Which also then is musical theater a genre? Not really. It's stealing from genres of music. So what type of music? Oh, it has a '70s feel, or whatever the case may be. Now that there's a lot of pop music in it, written by Sara Bareilles, or Alanis Morissette, or I think there's a Paul Simon one coming out, Bob Dylan, blah, blah, blah, blah, blah. All these things, it's a little freer because it's pop music.

Matt
Right, right. And I'm thrilled that you brought up musical theater, because musical theater has pulled from the evolution of music for hundreds of years. So, if you take a look at Hamilton, which is this humongous sensation, there's no other rap that sounds like that, but it's so heavily pulled from the rap style. And that's one of those ideas where Lin-Manuel Miranda has his influences and he talks about them a lot. He talks about the rap, he talks about Sondheim, but he makes his own thing that nobody's ever heard of before. And that's why it's such a big thing. So it goes to the idea of how everything comes together in the end.

Andy
And this is influenced versus imitation. People would maybe listen, now that you brought up Hamilton, it's like, "Oh yeah, this is rap, this is hip hop." And it's like, "Is it or is it just influenced by that?" And I'm not saying there is a right or wrong answer, but that's a question you can ask yourself, "Am I really imitating? Do I really sound like someone or am I just influenced by someone?" And isn't influence good? Especially if it's someone you love or an artist you appreciate or who you think their vocals are bonkers or whose style of music just blows your mind? Don't you want to be influenced by that?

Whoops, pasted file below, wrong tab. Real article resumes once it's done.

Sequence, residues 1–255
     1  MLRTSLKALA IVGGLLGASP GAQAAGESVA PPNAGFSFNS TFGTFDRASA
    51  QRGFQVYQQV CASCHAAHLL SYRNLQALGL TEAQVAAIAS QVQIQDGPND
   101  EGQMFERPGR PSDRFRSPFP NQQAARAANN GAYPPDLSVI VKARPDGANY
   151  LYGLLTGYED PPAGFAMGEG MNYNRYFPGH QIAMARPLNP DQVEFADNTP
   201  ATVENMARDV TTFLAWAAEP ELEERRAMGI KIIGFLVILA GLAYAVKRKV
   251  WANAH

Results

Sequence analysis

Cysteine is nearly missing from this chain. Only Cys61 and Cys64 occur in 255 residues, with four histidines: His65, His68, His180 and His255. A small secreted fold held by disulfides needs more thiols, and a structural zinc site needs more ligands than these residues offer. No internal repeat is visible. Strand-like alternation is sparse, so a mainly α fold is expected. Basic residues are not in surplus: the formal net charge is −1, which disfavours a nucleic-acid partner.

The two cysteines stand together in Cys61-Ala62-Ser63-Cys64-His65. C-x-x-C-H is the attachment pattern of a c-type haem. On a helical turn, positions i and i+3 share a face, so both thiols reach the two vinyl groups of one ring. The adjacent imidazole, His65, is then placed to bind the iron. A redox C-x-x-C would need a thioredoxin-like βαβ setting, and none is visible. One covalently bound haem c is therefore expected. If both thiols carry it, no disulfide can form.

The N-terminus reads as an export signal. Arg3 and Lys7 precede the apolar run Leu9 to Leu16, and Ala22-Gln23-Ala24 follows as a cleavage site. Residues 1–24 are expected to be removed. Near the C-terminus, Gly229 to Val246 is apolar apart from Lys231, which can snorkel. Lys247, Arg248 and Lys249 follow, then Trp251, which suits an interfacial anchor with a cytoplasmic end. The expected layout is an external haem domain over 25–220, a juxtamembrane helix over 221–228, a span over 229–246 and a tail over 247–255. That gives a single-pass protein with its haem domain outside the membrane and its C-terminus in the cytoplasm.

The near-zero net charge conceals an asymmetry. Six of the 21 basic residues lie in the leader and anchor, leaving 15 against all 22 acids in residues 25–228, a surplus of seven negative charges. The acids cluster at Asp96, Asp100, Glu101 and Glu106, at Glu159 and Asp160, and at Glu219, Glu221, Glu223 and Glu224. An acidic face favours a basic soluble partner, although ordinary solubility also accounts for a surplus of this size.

Matt
Right. Yeah, I love that. And the other thing is don't be afraid to fall down the rabbit hole. So we're talking so much about listening to so many other things, but also listen to how that developed. If you take a look at classic rock in the '70s and '80s, there are elements in there that led to pop of today. And it's the same thing with like the RnB style, which has so much gospel in it, which pulls from blues. It has such a larger background than we might give it credit for. Go down that rabbit hole and listen to all of that. Listen to those influences and how we got to where we are today. And it'll be fun, first of all, but then it'll make you really appreciate the music that you want to sing and how you want to portray it.